Enterprise

While Lenovo inches closer to IBM server deal, Fujitsu leans in for a look

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Suddenly there are not just one or two legacy IT vendors but three reportedly interested in buying IBM’s low-end server business.

And it looks like a deal could come as soon as tomorrow.

Japanese IT giant Fujitsu has now shown interest in making a deal with Big Blue to acquire its line of generic servers compatible with the popular x86 chip architecture, the Wall Street Journal reported this morning.

The news follows reports in recent days that Dell and Lenovo are thinking about acquiring the server line.

But a few hours after posting the article on Fujitsu’s exploration of a bid, the Journal followed up with news that Lenovo is about to close the deal, attributing the information to “people familiar with the matter.”

And so suddenly a portfolio of servers without much distinction — because so many other companies make x86-compatible servers — is in vogue.

It might seem shocking, as IBM’s low-end server business has been losing steam. IBM’s System x line of x86 servers saw a 16 percent revenue drop in the last quarter of 2013, the company revealed yesterday.

But the business could actually be a good addition for Fujitsu. It could pick up a new collection of customers, get an ongoing x86 competitor out of the picture, and potentially resurrect Fujitsu’s server business.

While Fujitsu has frequently posted quarterly server revenue gains year over year over the past three years, server shipment market share has dropped in almost every quarter, according to estimates from Gartner. Most recently, in the third quarter of 2013, Fujitsu shipped 68,424 servers, with market share falling more than 10 percent year over year, Gartner estimated.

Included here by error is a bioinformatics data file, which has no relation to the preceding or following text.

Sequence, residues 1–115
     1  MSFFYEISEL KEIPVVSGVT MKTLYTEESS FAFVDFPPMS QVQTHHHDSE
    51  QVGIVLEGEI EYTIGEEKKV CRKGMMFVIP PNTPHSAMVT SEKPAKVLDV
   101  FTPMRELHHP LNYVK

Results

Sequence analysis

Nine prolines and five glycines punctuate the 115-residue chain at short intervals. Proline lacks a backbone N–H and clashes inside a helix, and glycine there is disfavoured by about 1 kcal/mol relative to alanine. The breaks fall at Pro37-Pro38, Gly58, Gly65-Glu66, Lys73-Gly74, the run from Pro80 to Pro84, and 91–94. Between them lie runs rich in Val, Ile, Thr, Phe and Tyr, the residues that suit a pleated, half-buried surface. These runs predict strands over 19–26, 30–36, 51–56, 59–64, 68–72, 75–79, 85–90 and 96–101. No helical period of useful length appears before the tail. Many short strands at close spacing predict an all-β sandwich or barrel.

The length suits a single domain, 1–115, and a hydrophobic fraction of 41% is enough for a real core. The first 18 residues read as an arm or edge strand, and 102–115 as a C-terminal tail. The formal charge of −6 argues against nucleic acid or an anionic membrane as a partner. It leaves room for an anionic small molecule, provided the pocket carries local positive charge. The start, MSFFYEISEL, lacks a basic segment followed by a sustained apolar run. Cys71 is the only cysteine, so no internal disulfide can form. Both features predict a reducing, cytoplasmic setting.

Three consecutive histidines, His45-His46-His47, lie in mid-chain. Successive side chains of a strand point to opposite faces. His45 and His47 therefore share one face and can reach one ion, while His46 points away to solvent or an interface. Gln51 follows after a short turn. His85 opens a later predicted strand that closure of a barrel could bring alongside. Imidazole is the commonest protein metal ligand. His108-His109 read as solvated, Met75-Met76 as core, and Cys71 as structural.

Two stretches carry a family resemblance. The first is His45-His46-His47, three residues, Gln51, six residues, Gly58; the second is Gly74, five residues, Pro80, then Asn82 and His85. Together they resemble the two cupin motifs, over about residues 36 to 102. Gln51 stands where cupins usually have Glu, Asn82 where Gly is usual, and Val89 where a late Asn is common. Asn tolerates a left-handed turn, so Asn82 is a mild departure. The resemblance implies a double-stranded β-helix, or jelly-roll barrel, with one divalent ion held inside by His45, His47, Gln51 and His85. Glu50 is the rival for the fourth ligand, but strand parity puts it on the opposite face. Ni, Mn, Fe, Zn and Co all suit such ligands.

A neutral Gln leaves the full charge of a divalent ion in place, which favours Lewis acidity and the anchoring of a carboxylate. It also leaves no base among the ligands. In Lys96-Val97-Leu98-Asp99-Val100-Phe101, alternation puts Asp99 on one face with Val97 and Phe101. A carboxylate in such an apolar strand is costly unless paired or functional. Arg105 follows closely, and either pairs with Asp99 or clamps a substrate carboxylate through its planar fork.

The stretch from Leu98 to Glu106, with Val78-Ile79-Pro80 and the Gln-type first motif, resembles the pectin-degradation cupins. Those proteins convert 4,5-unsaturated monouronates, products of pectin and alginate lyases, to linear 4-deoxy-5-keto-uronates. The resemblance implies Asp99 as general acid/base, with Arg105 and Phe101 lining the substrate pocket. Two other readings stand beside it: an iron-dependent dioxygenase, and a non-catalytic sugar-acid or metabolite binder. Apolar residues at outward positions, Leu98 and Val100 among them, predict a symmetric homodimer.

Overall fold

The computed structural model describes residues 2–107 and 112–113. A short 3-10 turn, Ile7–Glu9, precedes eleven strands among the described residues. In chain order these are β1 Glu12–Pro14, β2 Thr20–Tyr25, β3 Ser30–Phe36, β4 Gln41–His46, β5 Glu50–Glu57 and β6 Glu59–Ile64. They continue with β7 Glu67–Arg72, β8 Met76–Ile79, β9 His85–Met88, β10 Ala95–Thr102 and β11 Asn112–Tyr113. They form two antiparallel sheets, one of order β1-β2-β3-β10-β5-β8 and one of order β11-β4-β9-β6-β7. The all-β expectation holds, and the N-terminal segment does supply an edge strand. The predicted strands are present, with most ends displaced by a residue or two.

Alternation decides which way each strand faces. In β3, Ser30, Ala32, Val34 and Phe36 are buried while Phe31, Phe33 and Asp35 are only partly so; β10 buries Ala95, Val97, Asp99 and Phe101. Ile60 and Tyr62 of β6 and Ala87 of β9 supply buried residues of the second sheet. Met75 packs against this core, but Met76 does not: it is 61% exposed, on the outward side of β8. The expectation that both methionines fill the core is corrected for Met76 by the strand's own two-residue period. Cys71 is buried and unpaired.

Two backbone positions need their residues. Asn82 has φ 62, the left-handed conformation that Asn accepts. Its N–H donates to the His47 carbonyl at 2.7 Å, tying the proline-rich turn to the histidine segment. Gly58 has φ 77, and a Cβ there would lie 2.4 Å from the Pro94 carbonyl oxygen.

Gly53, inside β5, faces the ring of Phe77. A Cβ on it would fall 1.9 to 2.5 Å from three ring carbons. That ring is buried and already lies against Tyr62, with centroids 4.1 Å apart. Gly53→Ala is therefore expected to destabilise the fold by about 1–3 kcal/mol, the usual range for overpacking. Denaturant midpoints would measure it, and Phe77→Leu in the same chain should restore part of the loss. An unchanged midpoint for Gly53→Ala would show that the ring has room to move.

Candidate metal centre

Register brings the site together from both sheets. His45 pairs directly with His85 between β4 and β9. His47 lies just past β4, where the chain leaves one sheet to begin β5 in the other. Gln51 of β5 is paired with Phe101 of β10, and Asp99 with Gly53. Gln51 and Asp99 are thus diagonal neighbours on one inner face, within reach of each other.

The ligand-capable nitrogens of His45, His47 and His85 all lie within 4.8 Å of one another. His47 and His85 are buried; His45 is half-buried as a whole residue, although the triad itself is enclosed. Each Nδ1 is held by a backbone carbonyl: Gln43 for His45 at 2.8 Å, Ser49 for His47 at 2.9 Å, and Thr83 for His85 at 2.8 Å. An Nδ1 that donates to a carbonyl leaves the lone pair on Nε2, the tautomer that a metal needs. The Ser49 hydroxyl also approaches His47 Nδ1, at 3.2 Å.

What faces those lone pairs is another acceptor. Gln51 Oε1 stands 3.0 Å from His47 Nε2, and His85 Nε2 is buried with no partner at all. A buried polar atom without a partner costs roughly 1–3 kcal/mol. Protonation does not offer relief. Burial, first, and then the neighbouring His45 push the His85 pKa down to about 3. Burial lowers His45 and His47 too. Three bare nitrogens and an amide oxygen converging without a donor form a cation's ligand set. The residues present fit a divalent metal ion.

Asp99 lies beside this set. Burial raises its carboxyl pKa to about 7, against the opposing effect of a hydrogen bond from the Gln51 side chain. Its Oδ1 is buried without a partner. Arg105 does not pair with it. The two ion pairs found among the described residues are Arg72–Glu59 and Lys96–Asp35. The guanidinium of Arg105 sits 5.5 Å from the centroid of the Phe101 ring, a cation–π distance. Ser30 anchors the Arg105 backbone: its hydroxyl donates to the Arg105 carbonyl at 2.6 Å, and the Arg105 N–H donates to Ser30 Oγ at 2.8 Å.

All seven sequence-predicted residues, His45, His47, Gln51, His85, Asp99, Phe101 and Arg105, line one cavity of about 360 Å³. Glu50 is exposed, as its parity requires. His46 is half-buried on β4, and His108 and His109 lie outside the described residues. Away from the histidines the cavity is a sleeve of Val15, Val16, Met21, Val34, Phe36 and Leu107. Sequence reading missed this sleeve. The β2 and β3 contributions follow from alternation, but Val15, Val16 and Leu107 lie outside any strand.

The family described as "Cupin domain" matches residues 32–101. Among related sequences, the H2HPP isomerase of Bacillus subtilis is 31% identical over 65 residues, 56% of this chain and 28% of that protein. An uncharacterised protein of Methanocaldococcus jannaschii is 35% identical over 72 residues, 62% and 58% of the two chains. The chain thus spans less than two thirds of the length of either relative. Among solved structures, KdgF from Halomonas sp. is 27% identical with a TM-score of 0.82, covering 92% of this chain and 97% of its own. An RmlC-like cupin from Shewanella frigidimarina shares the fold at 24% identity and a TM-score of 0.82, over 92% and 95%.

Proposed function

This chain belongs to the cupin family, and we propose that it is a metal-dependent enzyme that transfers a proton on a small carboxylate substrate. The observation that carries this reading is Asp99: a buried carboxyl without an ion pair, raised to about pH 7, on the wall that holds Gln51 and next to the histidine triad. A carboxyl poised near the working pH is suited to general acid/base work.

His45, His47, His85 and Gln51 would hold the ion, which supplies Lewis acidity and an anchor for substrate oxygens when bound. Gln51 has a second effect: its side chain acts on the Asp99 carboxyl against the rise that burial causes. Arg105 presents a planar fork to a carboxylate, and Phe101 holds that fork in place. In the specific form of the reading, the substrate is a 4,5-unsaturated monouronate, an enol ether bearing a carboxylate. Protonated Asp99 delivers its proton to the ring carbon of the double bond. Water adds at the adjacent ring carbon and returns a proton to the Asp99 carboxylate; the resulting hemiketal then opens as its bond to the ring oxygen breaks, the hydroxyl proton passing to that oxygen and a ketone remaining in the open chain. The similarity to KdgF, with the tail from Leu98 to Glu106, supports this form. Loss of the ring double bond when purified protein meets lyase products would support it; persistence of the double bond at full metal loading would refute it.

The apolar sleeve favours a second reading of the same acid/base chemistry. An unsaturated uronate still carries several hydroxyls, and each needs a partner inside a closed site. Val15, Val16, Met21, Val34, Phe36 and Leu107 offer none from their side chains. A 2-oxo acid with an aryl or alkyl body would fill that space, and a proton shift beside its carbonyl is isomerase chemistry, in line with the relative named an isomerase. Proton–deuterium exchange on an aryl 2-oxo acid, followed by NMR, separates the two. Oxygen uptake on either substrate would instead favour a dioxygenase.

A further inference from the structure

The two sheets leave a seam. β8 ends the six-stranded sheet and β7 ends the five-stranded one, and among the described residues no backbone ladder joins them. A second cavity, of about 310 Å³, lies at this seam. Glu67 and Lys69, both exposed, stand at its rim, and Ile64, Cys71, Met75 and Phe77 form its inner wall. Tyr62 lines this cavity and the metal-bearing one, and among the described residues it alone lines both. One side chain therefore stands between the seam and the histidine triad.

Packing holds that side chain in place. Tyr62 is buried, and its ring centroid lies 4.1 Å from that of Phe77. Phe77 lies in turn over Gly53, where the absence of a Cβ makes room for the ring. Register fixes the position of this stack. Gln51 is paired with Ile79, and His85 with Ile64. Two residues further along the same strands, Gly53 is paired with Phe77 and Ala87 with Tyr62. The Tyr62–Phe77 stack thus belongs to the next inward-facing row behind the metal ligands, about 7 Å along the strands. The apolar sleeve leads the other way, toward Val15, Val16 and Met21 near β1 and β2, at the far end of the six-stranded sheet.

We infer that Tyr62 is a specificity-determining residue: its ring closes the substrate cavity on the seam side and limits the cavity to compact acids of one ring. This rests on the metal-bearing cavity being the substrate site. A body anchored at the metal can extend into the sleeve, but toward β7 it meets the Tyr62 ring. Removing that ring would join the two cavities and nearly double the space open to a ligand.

That drop mirrors marketshare decreases for fellow legacy vendors Dell and IBM. The big trend at least partially explaining this: Businesses are looking more to cloud computing to meet their IT infrastructure needs, giving cloud providers like Amazon Web Services the ability to buy servers at very large scale. And cloud providers don’t typically buy from IBM or Dell; they get custom boxes made for them, working with lesser-known companies such as Quanta and Wistron.

IBM has been stepping up its public cloud provider role, and the other side of positioning itself for that growth is getting rid of the kind of hardware that fewer businesses are buying.

It might not be perfect for IBM, but it could be good for Fujitsu.

Anyway, if the reports are correct that Fujitsu, Lenovo, and Dell have all kicked the tires on buying up the x86 server line, it’s excellent news for IBM. Multiple bids could drive up the price and help Big Blue get closer to the sort of financial targets investors are hoping for. The exit could be less painful for IBM, which could get a bit of extra money to throw at more important areas of focus. Like cloud, for example, and analytics software, including the new Watson business unit.

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